Why are some Republicans backing a clean continuing resolution to fund the government? In Play takes a closer look at the districts they represent for clues. (The Washington Post)

One week to go until the debt ceiling deadline, now 10 days into the government shutdown, and neither side has budged in the fiscal showdown.

Thursday is shaping up to be a critical day for any possible breakthroughs, with a series of key huddles of Republicans and meetings at the White House. With such big deadlines so close, time is becoming as much of an enemy to reaching a deal as the ideological divide between the two parties.

President Obama refuses to negotiate any budget framework until House Speaker John A. Boehner (R-Ohio) advances a plan to reopen the government and increase the debt ceiling, without any sweeteners for conservatives. Boehner says doing that would be “surrender.”

If either is to move off those positions, it may have to come amid the key meetings Thursday:

●10 a.m., House Republican Conference meets. For the second time this week, Boehner will convene his GOP caucus in the Capitol basement. Many Republicans have increasingly focused on broad drivers of debt without so much focus on trying to repeal or defund the new health-care law, as leaders had hoped would happen several weeks ago. It’s unclear whether a vast majority of Republicans hold such a view, and this huddle will illuminate that.

Piecemeal funding during the government shutdown

●11 a.m., Boehner and his leadership team hold a news conference after the caucus meeting. The speaker usually conducts the Thursday press event solo, but this time he will have House Majority Leader Eric Cantor (R-Va.) and other elected leaders at his side.

●12:30 p.m., Senate Republicans meet. Minority Leader Mitch McConnell’s (Ky.) caucus holds the usual party gathering on Thursdays, a weekly meeting that is meant to be a lighthearted affair hosted by a rotating senator. Most recent meetings have been anything but lighthearted, with veteran Republicans worried that there is no broad strategy of how to handle the upcoming deadlines.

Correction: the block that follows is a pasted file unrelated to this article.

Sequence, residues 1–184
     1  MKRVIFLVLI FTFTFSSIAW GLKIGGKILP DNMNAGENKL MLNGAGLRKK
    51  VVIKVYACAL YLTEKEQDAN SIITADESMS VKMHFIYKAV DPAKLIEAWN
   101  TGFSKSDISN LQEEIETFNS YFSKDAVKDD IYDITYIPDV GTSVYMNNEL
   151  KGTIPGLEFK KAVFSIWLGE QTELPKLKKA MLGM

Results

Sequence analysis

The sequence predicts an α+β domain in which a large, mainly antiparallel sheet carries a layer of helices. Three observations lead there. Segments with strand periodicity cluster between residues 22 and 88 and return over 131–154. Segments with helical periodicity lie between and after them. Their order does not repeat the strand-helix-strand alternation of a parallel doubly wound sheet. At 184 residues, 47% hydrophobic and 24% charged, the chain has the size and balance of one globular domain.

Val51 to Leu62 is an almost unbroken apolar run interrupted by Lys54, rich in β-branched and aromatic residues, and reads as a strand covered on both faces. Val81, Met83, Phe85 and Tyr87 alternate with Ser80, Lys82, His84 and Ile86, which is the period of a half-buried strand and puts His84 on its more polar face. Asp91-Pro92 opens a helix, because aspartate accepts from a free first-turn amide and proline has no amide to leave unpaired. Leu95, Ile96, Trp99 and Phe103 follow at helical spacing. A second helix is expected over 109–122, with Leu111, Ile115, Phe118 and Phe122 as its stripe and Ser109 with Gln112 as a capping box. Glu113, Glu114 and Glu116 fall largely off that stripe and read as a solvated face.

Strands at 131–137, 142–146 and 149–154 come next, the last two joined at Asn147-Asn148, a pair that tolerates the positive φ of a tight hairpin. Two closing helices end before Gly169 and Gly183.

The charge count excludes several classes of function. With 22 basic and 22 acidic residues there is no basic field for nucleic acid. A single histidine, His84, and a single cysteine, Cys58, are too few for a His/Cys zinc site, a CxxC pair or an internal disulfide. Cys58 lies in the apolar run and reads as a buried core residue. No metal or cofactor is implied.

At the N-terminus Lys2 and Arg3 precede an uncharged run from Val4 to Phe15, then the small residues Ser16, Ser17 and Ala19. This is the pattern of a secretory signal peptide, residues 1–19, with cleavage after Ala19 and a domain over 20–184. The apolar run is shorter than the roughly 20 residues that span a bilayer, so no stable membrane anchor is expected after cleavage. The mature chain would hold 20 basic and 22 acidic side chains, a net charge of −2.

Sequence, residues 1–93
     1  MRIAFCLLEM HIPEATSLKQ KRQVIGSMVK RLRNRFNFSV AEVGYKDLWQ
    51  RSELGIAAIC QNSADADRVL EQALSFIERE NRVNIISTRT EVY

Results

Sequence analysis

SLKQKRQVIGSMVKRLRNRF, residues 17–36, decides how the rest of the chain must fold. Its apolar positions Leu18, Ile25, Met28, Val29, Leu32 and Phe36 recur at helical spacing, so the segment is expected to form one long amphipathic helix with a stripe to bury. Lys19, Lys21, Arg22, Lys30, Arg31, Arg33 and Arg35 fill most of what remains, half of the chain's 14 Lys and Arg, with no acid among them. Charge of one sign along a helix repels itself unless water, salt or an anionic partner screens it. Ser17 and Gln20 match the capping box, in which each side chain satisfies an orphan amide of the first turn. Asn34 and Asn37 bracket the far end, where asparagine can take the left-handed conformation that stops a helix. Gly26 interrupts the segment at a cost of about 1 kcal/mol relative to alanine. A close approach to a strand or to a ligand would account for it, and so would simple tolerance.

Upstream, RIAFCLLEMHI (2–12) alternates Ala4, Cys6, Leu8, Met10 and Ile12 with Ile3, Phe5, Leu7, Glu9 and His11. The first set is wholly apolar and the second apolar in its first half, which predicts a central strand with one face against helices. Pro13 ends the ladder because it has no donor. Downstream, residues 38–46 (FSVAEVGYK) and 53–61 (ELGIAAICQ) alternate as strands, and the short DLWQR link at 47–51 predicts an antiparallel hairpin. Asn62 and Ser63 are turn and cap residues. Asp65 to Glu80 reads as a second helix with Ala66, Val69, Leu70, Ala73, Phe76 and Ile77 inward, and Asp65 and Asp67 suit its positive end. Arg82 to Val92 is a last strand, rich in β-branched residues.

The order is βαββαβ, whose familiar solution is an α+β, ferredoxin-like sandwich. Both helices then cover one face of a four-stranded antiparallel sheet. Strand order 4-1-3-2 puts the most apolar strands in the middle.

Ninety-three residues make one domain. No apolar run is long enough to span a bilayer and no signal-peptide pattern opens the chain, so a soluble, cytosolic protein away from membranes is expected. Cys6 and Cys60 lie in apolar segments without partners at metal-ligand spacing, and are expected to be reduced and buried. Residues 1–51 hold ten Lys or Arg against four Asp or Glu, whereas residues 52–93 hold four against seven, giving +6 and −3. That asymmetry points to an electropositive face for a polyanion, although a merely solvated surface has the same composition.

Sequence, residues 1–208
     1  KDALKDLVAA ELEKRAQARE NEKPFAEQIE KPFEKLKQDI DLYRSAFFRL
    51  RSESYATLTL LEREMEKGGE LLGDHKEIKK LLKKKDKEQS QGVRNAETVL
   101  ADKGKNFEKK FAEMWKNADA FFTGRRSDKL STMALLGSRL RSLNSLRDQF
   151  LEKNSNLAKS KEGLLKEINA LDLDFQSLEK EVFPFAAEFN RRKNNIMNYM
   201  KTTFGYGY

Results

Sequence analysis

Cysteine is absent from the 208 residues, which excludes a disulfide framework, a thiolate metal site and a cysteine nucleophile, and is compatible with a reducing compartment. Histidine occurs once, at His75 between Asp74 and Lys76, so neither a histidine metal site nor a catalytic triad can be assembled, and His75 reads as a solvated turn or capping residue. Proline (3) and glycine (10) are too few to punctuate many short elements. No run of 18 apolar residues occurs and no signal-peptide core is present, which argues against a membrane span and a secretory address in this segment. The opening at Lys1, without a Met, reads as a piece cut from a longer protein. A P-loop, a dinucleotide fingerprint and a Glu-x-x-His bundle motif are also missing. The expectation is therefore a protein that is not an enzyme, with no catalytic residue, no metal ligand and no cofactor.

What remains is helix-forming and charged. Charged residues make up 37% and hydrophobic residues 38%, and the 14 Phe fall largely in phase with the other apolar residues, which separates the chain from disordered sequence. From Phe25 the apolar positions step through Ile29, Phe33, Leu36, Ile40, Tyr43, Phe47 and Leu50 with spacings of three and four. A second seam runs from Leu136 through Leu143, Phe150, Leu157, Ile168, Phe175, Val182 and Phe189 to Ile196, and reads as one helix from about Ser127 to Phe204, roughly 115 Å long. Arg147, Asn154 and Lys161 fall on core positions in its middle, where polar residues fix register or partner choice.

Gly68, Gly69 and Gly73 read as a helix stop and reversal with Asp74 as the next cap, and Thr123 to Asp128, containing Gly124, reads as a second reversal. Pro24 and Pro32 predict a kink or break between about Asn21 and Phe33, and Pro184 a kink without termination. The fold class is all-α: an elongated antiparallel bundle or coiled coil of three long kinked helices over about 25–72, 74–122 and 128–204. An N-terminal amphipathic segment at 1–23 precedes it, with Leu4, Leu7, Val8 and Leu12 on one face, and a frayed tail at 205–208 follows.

●Early afternoon, Senate Democrats head to the White House. The precise time is to be determined, but Majority Leader Harry M. Reid (D-Nev.) is bringing the entire Democratic caucus to meet with Obama and other White House officials. So far, Reid’s caucus and Obama’s team have sung from the same political hymnal, a marked contrast to the negotiations in the 2011 debt ceiling showdown, when they fought publicly for several weeks over strategy.

●2:30 p.m., House Minority Leader Nancy Pelosi (D-Calif.) hosts her weekly news conference. Fresh off a House Democratic meeting with Obama on Wednesday, Pelosi is still pushing for Boehner to bring up “clean” funding and debt limit bills.

●Late afternoon, House Republicans head to the White House. Unlike the other caucuses, Boehner’s team turned down the request to have all 232 House Republicans attend. Instead, the party leadership and key committee chairmen will represent the group in the meeting with the president. If there’s any big news of the day, it might come here.